Here are some articles on Wood vs. metal studs in home building.

Wood vs metal studs in home building - Bing
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  #17  
Old 08-06-2019, 07:41 AM
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karostay karostay is offline
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Quote:
Originally Posted by Chatbrat View Post
To prove the lack of insulation in TV built homes -it takes almost no time fora home here to heat/ cool down once the a/c or heat is off-its great that electricity is relatively inexpensive


As watched my being built day by day I asked if it would be possible to insulate the block walls .i would gladly pay the additional charge.Payback would be lifelong for small additional fee.
Considering the overall cost of construction
Answer was no. Also I believe duct work is inadequately insulated and transfers heat and cold from attic to the interior.
In an era of going green hard to believe building codes in the Villages are substandard
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  #18  
Old 08-06-2019, 07:50 AM
TimeForChange TimeForChange is offline
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A lot of the changes in FL construction came following Hurricane Andrew. There were new hurricane codes developed.
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  #19  
Old 08-06-2019, 07:54 AM
TimeForChange TimeForChange is offline
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Quote:
Originally Posted by karostay View Post


As watched my being built day by day I asked if it would be possible to insulate the block walls .i would gladly pay the additional charge.Payback would be lifelong for small additional fee.
Considering the overall cost of construction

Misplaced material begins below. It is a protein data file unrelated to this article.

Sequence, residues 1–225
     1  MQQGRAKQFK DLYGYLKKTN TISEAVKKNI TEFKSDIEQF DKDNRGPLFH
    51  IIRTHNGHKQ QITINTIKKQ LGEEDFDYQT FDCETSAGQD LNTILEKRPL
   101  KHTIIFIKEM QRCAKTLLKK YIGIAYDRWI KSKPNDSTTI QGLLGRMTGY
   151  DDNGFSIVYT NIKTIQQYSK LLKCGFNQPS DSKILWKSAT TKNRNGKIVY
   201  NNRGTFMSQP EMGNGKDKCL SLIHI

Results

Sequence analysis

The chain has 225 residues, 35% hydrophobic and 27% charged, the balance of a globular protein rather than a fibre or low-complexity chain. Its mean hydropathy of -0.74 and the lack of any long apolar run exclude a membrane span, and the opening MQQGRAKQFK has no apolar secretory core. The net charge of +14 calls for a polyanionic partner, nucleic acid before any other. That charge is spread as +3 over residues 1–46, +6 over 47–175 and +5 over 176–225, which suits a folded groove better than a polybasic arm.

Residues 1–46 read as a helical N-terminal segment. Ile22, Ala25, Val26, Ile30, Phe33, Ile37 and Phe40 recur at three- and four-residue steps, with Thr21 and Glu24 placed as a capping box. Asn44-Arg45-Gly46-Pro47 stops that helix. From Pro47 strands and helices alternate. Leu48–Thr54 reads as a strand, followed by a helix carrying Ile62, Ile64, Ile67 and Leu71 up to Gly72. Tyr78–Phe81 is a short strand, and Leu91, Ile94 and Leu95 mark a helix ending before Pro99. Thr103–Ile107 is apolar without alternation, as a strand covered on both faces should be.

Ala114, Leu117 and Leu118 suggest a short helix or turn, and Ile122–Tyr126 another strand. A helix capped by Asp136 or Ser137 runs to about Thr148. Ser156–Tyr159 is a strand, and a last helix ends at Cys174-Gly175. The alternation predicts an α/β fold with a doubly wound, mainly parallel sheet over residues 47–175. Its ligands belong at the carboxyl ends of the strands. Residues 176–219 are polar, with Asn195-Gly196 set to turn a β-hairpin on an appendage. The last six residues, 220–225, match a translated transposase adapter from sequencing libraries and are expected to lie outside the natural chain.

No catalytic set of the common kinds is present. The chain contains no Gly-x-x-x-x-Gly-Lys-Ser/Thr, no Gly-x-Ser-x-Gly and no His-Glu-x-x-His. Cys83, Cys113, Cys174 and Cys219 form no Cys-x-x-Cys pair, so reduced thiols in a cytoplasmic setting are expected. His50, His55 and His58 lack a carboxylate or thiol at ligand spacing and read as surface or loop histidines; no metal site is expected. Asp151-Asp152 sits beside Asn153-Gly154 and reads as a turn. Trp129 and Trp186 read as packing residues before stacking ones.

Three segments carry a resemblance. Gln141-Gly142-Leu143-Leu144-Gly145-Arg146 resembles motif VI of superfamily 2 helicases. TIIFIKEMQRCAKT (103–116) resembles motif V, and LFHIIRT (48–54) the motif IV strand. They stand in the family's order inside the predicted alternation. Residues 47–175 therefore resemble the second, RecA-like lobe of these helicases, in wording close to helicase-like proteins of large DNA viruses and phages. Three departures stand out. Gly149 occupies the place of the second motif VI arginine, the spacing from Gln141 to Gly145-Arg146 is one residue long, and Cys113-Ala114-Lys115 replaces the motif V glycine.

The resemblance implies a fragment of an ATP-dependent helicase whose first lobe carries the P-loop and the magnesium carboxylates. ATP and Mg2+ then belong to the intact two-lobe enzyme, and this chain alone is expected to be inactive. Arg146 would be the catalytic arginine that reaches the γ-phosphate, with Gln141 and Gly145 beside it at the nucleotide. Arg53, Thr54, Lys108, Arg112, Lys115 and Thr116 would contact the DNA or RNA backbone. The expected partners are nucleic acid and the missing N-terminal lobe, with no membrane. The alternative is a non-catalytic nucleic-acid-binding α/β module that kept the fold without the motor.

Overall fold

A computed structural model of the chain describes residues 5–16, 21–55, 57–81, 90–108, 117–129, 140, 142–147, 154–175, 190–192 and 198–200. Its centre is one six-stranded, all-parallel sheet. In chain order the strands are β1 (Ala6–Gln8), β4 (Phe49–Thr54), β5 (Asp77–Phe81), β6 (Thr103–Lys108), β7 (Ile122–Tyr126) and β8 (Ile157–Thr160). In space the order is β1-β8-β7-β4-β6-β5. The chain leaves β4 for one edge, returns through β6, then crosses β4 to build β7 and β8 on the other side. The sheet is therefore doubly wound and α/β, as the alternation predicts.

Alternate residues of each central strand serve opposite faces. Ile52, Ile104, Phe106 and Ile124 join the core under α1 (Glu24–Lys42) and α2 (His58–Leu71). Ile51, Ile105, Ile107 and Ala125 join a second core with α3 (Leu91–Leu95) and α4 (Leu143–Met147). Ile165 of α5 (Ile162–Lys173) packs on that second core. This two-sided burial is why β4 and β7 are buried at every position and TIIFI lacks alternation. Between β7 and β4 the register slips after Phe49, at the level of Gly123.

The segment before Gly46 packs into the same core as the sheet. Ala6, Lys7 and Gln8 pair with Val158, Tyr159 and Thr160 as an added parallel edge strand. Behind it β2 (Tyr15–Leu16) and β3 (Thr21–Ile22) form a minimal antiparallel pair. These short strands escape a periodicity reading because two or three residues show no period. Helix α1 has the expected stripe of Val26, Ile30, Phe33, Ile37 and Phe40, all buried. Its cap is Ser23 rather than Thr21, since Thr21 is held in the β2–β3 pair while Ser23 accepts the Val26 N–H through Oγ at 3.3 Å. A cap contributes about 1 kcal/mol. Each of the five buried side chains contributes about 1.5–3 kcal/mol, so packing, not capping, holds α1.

Answer was no. Also I believe duct work is inadequately insulated and transfers heat and cold from attic to the interior.
In an era of going green hard to believe building codes in the Villages are substandard
Having worked for a company who manufactured insulation (fiberglass) and sold the product for many years I can tell you that simply adding additional blown insulation to your attic up to R48 or more will do more good than anything else you can do. Call Suncoast Insulation in Ocala for a great application and price.
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  #20  
Old 08-06-2019, 08:36 AM
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Quote:
Originally Posted by karostay View Post


As watched my being built day by day I asked if it would be possible to insulate the block walls .i would gladly pay the additional charge.Payback would be lifelong for small additional fee.
Considering the overall cost of construction
Answer was no. Also I believe duct work is inadequately insulated and transfers heat and cold from attic to the interior.
In an era of going green hard to believe building codes in the Villages are substandard
There is a company that advertises in the daily sun regarding additional insulation on block walls. No idea of the cost or effectiveness, I have not used them. As for the A/C ducts, I will go into the attic the next time I think of it and place my hand on the duct to see if they are cool to the touch.
Regarding the building codes, these are typically state wide, and based on national standards, as far as I know, the villages does not have their own set of building codes. Perhaps one of the inspection companies can comment on this.